Over the weekend, friends of mine in east coast fandom started sharing news links about attendees of Fur Fest being evacuated from their convention hotel because of a deliberate release of chlorine gas into the hotel space. Fandom was pissed, and for good reason.
Details of the criminal act:
The Hyatt-Regency in Rosemont was completely evacuated at roughly 1AM. (For those of us that have attended TransWorld? Yes, it’s that Rosemont.) Guests sought shelter in nearby hotels and in the Donald E. Stephens Convention Center. 19 attendees ended up going to the hospital. Powdered chlorine was found in a stairwell on the 9th floor of the hotel. Firefighters on the scene reported that there was a reading “as high as 20.6 on the chlorine meter” and also stated that “whatever the substance is, it is overloading our chlorine meter.”
To give you an idea of how bad a rating of 20.6ppm is? Let’s go back to Wikipedia, because this article references a bunch of stuff I was already going to include…. “Chlorine is a toxic gas that irritates the respiratory system. Because it is heavier than air, it tends to accumulate at the bottom of poorly ventilated spaces. Chlorine gas is a strong oxidizer, which may react with flammable materials. Chlorine is detectable with measuring devices in concentrations of as low as 0.2 parts per million (ppm), and by smell at 3 ppm. Coughing and vomiting may occur at 30 ppm and lung damage at 60 ppm. About 1000 ppm can be fatal after a few deep breaths of the gas. Breathing lower concentrations can aggravate the respiratory system, and exposure to the gas can irritate the eyes. The toxicity of chlorine comes from its oxidizing power. When chlorine is inhaled at concentrations above 30 ppm, it begins to react with water and cells, which change it into hydrochloric acid (HCl) and hypochlorous acid (HClO).” And the CDC cautions, “Hazardous concentrations may develop quickly in enclosed, poorly-ventilated, or low-lying areas. Keep out of these areas.”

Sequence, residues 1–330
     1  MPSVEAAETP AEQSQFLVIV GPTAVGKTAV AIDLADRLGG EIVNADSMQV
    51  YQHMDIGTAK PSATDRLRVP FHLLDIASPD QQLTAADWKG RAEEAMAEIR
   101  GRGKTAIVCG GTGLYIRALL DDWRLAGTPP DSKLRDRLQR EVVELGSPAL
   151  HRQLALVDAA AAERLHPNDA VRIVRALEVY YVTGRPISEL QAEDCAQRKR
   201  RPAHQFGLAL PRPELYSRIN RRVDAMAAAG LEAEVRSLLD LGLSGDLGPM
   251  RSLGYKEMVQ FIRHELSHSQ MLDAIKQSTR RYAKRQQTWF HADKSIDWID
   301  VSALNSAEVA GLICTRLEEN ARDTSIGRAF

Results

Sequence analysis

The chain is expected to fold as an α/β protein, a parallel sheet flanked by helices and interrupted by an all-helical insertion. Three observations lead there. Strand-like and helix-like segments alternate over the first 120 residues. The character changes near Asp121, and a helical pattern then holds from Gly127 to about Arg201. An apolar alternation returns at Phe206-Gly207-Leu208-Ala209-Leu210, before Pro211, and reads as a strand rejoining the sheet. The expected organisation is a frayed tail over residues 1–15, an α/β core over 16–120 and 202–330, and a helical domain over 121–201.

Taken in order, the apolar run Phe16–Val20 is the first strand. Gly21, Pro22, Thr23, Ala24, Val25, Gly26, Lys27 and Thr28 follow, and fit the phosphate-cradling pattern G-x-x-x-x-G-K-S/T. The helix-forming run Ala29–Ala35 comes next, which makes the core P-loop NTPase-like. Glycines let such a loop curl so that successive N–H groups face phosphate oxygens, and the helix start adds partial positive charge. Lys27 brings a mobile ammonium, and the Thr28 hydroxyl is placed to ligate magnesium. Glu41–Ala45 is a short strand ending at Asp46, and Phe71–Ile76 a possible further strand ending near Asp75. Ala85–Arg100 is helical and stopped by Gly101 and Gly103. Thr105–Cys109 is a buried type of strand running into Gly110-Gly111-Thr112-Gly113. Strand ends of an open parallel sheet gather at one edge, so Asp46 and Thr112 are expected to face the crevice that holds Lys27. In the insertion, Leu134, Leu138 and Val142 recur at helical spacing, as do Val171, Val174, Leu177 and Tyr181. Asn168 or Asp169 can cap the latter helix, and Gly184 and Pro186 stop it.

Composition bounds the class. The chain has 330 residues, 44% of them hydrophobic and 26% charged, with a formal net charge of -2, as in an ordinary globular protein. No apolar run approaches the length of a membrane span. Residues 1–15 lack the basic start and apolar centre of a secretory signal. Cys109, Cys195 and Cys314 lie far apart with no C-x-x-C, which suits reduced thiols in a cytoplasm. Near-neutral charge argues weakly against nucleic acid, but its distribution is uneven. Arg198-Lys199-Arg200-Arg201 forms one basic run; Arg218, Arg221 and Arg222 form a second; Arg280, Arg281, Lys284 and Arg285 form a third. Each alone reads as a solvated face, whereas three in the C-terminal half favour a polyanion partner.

If you’re wondering what it was like to be there, here’s one attendee’s story of what it was like to try to get off the 9th floor via the stairwell.
So having this crap in a stairwell that people were forced to use during the hotel evacuation? Really bad news.
Ok. So someone exposed a bunch of convention attendees to a hazardous gas. Good reason for fandom to be pissed off.
So why the hell was my Facebook news feed flooded on Tuesday with stories about reporters laughing about this story?
Because Fur Fest is a fandom convention for “people who are interested in the concept of fictional non-human characters with human characteristics.”
These folk are more commonly known as “furries”..some of the most maligned people in fandom.
If you’ve ever been in downtown Pittsburgh in June or July, you may well have seen this charming sector of fandom running around the city in mascot-esque costumes during the weekend run of Anthrocon. It’s rather adorable, actually…the variety of detail and creativity in the costuming is lovely to see. One collection of photos can be found here. And if you have either never heard of a furry or you think it’s some deviant sex group, I strongly encourage you to go take a look through that album, or any of the others on Anthrocon’s site.